How could Mr. Smedley have allowed himself to be persuaded that a poem like the Faery Queen which he had made from early youth "a part of the furniture of his own mind," should be more injurious to others than it had proved to himself? It is one of the books which Wesley in the plan which he drew up for those young Methodists who designed to go through a course of academical learning, recommended to students of the second year. Mr. Todd has noticed this in support of his own just estimate of this admirable poet. "If," says he, "our conceptions of Spenser's mind may be taken from his poetry, I shall not hesitate to pronounce him entitled to our warmest approbation and regard for his gentle disposition, for his friendly and grateful conduct, for his humility, for his exquisite tenderness, and above all for his piety and morality. To these amiable points a fastidious reader may perhaps object some petty inadvertencies; yet can he never be so ungrateful as to deny the efficacy which Spenser's general character gives to his writings, — as to deny that Truth and Virtue are graceful and attractive, when the road to them is pointed out by such a guide. Let it always be remembered that this excellent Poet inculcates those impressive lessons, by attending to which the gay and the thoughtless may be timely induced to treat with scorn and indignation the allurements of intemperance and illicit pleasure."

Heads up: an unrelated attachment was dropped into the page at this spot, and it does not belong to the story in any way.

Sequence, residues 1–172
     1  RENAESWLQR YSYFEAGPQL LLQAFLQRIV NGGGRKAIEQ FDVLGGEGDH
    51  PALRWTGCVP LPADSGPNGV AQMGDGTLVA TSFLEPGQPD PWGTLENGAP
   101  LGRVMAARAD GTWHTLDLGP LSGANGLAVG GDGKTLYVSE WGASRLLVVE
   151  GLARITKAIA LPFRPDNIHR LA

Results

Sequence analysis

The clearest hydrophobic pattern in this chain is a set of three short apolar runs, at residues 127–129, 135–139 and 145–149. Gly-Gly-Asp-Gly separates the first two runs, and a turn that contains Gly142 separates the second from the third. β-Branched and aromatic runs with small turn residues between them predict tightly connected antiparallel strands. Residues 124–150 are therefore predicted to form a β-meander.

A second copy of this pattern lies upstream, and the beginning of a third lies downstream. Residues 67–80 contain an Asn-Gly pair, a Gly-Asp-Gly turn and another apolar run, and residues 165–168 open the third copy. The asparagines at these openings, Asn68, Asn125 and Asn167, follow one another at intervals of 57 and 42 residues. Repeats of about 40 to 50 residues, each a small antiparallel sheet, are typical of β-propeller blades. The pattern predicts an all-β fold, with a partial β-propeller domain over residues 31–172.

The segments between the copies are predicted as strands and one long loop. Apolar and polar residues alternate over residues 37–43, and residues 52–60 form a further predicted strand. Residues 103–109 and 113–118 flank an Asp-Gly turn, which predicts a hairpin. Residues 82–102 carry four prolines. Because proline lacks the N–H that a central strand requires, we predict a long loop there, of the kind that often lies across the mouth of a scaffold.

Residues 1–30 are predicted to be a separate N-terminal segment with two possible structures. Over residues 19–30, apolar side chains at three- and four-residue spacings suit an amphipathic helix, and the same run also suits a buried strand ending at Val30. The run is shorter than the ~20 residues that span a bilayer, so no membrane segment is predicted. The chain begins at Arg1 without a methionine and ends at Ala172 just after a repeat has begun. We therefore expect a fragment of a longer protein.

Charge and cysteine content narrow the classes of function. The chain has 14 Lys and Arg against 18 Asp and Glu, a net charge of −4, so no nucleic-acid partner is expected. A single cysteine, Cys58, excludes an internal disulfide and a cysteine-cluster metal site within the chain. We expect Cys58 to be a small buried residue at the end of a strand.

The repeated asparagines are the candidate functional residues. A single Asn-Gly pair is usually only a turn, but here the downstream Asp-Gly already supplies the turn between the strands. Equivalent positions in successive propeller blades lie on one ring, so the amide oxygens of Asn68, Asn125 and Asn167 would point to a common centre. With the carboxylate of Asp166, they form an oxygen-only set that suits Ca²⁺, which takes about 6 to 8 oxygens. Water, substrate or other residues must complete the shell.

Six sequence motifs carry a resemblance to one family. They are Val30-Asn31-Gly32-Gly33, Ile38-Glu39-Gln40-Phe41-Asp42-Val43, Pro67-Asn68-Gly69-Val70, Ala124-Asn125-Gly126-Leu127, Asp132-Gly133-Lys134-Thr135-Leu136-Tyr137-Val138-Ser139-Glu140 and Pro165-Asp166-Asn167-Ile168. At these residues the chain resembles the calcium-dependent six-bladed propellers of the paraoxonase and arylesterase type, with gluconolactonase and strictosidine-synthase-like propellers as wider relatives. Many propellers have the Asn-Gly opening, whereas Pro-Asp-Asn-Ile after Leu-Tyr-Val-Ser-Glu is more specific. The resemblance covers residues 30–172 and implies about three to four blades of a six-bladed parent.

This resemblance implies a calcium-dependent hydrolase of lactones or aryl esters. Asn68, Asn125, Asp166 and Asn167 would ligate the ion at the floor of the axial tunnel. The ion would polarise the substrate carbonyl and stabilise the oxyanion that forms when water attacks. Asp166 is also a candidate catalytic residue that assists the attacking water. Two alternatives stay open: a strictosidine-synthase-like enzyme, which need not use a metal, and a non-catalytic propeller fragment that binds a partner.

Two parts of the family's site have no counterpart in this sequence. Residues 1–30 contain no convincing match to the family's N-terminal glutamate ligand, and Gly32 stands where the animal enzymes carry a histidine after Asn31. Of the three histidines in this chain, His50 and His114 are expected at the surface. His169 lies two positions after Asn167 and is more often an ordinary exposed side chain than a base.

When Izaak Walton published Thealma and Clearchus, a pastoral history written long since in smooth and easy verse by John Chalkhill, Esq., he described him in the title page as "An Acquaintant and Friend of Edmund Spenser." He says of him "that he was in his time a man generally known and as well beloved, for he was humble and obliging in his behaviour, a gentleman, a scholar, very innocent and prudent, and indeed his whole life was useful, quiet, and virtuous." Yet to have been the friend of Edmund Spenser was considered by the biographer of Hooker and Donne and Bishop Sanderson and George Herbert, as an honourable designation for this good man, a testimonial of his worth to posterity, long after both Chalkhill and Spenser had been called to their reward.